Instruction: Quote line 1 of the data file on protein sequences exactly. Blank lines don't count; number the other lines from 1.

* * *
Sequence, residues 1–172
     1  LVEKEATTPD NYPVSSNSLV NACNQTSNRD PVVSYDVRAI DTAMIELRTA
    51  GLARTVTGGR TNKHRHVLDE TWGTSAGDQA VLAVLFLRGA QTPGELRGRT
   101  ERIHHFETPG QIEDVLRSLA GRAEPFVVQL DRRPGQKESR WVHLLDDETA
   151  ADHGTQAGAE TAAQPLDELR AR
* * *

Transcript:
Sequence, residues 1–172